Fred Wright’s professional papers, housed at the Carnegie Institution, are peppered, especially in the mid and late 1910s, with correspondence bearing the neat signature “P.G. Nutting,” and seeking Wright’s involvement in a professional society and journal in applied optics that the writer was trying to get started. Perley Gilman Nutting’s tireless efforts, which had stretched over a decade, led at the end of 1916 to the formation and first meeting of the Optical Society of America.

Nutting attempted to enlist Wright as the first editor of the Journal of the Optical Society of America, but Wright demurred— apparently to Nutting’s “intense disappointment.” Nonetheless, Wright, an OSA charter member, did not turn down the presidency of the organization when elected to the post for the 1918-1919 term.

Wright’s papers include correspondence not only from Nutting, but from a variety of other professionals whose names are associated with the society’s founding and early history, including Floyd Richtmyer, who would follow Wright as OSA’s third president, and Wright’s long-time Bausch & Lomb contact Hermann Kellner, who became the first JOSA editor after Wright declined. And Bausch & Lomb itself was, with Eastman Kodak, a crucial early corporate supporter of OSA.

After a short period as a vice president of the Corning Glass Works, Day returned to the helm of the GL until his retirement in 1936. Wright likewise spent the rest of his career at the GL, where his scientific journey was varied and rich. Beyond petrology, he contributed to studies of the Earth’s gravitational field and of the moon’s surface features. In addition to serving as OSA president from 1918 to 1919, he held high offices with the Geological Society of America, the Mineralogical Society of America, and the U.S. National Academy of Sciences.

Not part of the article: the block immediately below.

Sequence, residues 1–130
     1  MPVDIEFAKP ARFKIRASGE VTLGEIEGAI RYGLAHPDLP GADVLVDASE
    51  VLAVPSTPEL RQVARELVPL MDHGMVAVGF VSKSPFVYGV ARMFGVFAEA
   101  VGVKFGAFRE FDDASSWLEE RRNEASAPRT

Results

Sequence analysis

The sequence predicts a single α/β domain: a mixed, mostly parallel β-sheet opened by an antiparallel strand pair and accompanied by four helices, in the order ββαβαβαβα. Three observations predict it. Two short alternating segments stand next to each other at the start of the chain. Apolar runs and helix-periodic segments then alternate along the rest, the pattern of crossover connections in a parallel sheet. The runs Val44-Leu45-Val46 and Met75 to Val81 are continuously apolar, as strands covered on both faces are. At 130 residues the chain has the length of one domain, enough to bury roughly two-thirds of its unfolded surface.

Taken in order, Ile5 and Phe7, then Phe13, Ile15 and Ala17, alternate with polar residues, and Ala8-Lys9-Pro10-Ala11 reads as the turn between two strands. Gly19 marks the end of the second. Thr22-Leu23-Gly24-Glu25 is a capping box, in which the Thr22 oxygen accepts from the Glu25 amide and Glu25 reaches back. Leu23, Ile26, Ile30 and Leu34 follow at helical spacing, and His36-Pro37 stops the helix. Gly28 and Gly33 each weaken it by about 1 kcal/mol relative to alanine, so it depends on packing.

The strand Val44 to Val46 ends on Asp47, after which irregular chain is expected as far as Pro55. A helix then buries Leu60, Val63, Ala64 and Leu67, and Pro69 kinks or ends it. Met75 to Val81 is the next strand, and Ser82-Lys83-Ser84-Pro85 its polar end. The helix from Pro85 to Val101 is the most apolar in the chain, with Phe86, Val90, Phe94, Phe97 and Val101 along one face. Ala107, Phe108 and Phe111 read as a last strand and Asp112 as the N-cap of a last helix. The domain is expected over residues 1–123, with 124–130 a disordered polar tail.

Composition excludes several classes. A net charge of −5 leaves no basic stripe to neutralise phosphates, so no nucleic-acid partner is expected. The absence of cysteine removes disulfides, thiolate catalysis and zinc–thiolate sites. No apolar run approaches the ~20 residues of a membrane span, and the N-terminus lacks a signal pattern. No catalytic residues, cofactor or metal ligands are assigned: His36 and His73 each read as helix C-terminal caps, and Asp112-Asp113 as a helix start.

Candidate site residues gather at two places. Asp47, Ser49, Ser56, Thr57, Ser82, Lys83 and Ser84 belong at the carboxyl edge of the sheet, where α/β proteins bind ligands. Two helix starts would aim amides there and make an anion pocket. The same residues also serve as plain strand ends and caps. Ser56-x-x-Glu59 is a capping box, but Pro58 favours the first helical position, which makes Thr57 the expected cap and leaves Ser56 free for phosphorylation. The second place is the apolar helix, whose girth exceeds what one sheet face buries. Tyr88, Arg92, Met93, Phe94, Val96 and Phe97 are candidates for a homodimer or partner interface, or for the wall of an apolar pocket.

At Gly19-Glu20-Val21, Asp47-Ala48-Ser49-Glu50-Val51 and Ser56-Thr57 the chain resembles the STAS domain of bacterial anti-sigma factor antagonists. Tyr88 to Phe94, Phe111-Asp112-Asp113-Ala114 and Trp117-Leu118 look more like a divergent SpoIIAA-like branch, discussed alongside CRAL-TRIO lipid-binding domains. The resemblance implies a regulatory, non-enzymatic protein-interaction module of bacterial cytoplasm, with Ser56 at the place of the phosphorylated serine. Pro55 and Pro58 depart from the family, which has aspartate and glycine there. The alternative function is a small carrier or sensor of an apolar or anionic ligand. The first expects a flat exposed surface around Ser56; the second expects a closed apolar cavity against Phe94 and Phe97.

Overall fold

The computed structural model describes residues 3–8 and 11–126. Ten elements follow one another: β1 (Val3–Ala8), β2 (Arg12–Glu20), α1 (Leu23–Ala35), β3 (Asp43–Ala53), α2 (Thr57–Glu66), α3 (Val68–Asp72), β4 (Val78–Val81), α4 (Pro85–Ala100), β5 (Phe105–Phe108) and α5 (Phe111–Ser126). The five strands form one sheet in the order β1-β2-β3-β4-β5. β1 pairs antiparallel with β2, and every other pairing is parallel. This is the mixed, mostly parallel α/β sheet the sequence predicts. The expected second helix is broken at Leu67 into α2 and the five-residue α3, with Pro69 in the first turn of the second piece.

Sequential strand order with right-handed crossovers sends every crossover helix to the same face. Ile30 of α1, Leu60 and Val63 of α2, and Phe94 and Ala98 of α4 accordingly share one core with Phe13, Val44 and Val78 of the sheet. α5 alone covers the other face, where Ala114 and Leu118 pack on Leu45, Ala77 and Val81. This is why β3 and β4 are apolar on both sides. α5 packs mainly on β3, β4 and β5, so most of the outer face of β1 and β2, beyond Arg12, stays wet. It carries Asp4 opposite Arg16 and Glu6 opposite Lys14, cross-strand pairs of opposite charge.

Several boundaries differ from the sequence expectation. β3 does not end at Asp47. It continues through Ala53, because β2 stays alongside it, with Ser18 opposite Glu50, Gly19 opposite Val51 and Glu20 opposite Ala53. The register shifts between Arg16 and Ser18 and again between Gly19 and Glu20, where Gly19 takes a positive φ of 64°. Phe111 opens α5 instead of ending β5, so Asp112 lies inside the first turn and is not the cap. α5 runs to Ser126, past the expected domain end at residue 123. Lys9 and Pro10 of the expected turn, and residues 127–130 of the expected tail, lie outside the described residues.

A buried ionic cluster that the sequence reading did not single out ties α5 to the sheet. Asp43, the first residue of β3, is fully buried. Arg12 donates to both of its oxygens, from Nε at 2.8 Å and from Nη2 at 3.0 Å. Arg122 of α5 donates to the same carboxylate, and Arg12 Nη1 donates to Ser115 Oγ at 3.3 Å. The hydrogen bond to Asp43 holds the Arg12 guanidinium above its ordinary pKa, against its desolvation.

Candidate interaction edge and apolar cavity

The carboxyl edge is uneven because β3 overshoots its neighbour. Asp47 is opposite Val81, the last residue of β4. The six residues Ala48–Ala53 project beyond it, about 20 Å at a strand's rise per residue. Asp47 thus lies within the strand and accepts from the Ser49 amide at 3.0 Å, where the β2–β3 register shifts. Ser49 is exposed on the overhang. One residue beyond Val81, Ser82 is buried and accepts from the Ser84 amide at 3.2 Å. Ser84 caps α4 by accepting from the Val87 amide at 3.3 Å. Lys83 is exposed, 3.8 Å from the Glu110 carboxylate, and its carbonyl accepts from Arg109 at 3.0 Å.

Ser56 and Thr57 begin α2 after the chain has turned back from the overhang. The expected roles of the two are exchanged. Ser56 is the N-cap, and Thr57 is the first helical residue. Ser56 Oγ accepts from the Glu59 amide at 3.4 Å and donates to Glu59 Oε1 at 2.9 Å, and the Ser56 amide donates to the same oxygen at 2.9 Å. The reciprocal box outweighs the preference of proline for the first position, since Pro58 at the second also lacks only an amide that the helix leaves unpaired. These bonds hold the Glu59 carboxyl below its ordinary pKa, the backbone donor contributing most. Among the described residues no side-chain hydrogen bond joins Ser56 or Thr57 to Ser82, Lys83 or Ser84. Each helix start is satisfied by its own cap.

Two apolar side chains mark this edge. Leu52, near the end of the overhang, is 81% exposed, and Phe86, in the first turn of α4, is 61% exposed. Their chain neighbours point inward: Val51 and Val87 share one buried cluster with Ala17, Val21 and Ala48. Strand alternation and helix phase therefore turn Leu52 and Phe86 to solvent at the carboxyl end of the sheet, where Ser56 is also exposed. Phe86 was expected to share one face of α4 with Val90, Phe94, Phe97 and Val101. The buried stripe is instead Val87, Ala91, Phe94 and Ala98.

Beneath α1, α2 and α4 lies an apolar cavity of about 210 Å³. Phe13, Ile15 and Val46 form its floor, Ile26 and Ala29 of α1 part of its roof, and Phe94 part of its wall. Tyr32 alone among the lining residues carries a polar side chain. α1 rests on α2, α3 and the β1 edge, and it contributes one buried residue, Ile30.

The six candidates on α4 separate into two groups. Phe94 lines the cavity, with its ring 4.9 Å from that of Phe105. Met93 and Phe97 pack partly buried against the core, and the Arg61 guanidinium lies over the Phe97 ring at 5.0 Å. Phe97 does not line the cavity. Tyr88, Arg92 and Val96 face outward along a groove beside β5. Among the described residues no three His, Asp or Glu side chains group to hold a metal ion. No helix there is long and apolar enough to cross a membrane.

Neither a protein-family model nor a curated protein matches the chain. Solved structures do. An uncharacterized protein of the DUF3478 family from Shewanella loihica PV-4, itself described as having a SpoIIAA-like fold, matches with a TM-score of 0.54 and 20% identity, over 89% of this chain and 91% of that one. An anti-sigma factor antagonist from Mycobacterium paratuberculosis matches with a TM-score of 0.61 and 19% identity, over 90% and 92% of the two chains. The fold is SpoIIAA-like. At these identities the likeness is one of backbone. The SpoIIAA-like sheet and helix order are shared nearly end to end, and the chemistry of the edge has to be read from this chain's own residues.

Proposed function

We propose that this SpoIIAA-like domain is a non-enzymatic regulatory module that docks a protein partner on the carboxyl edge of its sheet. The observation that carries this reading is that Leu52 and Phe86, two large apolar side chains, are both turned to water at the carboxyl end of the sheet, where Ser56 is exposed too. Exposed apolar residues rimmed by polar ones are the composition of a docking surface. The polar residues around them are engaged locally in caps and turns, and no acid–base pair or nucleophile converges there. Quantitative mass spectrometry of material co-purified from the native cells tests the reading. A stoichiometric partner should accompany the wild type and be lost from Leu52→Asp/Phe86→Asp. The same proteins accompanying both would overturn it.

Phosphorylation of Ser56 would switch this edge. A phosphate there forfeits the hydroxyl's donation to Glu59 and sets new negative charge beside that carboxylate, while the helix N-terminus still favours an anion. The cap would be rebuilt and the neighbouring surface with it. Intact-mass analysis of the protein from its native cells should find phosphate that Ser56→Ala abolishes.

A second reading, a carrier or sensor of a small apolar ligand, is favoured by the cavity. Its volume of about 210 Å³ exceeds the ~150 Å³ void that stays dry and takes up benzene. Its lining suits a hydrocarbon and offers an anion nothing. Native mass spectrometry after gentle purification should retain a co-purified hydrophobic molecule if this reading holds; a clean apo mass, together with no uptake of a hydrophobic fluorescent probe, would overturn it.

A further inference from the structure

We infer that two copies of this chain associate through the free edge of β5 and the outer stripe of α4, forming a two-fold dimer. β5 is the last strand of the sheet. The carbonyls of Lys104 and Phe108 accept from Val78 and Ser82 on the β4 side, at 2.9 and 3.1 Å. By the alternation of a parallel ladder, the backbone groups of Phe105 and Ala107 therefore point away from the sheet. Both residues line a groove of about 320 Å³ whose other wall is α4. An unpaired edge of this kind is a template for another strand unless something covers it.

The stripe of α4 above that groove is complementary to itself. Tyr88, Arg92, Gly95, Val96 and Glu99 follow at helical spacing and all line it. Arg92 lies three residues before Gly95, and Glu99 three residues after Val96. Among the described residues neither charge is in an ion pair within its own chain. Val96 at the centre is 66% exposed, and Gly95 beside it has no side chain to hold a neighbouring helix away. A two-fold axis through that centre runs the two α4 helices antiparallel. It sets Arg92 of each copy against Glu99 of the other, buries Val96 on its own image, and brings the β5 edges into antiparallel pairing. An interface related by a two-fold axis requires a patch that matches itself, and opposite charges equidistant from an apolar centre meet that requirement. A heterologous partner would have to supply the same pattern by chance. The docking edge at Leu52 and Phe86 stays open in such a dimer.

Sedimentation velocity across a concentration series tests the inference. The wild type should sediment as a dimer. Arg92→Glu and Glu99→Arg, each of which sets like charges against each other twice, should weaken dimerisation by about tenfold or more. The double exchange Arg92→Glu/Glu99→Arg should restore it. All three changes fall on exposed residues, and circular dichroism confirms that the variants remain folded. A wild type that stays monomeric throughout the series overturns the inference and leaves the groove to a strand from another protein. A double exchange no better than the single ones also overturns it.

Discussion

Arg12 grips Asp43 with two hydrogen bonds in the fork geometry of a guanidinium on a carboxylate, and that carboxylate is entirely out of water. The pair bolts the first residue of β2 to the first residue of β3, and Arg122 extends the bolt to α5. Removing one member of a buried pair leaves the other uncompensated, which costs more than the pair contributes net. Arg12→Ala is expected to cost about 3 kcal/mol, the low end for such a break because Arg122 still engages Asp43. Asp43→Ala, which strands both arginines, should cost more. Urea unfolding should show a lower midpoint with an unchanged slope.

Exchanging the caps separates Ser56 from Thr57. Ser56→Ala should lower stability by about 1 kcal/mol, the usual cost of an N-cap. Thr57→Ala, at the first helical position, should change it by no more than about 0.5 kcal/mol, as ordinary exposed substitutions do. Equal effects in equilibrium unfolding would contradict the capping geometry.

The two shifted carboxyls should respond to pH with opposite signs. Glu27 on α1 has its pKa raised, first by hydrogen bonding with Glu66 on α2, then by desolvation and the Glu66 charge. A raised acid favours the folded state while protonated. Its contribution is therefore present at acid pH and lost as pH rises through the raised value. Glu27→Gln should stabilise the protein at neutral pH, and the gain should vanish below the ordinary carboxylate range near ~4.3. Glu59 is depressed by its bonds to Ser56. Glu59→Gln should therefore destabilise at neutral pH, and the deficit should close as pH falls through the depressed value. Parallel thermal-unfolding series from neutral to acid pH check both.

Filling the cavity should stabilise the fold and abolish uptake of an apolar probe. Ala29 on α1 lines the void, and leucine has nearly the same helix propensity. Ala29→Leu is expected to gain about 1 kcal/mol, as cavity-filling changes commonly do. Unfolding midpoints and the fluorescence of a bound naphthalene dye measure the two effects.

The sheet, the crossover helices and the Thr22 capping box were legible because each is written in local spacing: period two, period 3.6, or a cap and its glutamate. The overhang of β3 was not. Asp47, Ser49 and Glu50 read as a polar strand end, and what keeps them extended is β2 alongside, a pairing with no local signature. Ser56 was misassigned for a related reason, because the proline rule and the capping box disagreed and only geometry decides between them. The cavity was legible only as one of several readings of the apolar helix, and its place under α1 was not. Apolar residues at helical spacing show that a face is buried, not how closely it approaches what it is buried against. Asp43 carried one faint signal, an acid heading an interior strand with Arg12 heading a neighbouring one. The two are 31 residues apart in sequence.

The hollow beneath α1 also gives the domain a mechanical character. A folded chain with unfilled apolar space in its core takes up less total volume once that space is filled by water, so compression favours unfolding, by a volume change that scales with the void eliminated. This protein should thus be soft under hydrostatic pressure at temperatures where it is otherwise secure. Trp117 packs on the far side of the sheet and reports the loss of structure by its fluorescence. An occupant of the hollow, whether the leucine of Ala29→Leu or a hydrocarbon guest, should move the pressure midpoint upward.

But his work during the war (as well as subsequent work on optical munitions during World War II) has always loomed large in his reputation. One appreciation, after his death in 1953, summed up Wright’s World War I contribution this way: “He supervised the removal of mystery and alchemy and introduced science and control into the production of more than 600,000 pounds of optical glass that met the most exacting requirements.”

Bausch & Lomb, meanwhile—still operating today as a division of Valeant Pharmaceuticals—had built new and powerful capabilities in its optical business. And it found its wartime experience useful in other ways. In a February 1920 Popular Science advertisement, the company trumpeted its part in helping the United States break free of the “foreign monopoly” in optical-glass production. The ad includes words about optical glass that—in light of all that optics and photonics have wrought since then—sound prescient:

“Events have shown its immeasurable value in wartime. And it will prove no less a factor in the arts of peace.”

Sincere thanks to Shaun Hardy of the Geophysical Laboratory, Carnegie Institution of Washington, for his help with research on this article.

Stewart Wills is the editor and content director of Optics & Photonics News.

References and Resources

  • Frederick Eugene Wright Papers, 1900-1956, Geophysical Laboratory Archives, Carnegie Institution of Washington, Washington, D.C.
  • “Optical glass and scientific instruments: United Kingdom imports and German exports,” Nature 94, 523 (7 January 1915).
  • H.G. Wells. “Scientific war: The lifeless monster that kills the souls and bodies of men,” Windsor Magazine, February 1915.
  • “The supply of optical glass,” Nature 95, 266 (6 May 1915).
  • The optical industry in France,” Nature 97, 522 (24 August 1916).
  • F.E. Wright. “The petrographic microscope: A useful tool in applied optics,” J. Opt. Soc. Am. 1, 15 (1917).
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  • A.L. Day. “Optical glass and its future as an American industry,” J. Franklin Inst. 190, 453 (1920).
  • F.E. Wright. The manufacture of optical glass and of optical systems: A war-time problem, U.S. Army Ordnance Department Document No. 2037 (May 1921).
  • J.F. Schairer. “Memorial of Frederick Eugene Wright,” American Mineralogist 39, 284 (1954).
  • J.A. Fleming and C.S. Piggot. “Frederick Eugene Wright, 1877-1953,” Biographical Memoirs, v. 29, pp. 317-359 (National Academy of Sciences, 1956).
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  • J. Smith. “The optical glass rivalry,” Geophysical Laboratory, Carnegie Institution of Washington, (June 2005).
  • P. Hartmann et al. “Optical glass and glass ceramic historical aspects and recent developments: A Schott view,” Appl. Optics 49, D157 (2010).
  • A.G.V. Simonds. “The industry of conflict,” in Britain and World War One, Routledge (2012), pp. 67-96.
  • P.D. Dragic and J. Ballato. “120 years of optical glass science: From the law of mixtures to mixing the unmixable,” Opt. Photon. News 25(5), 44 (2014)(1967).

Publish Date: 01 January 2016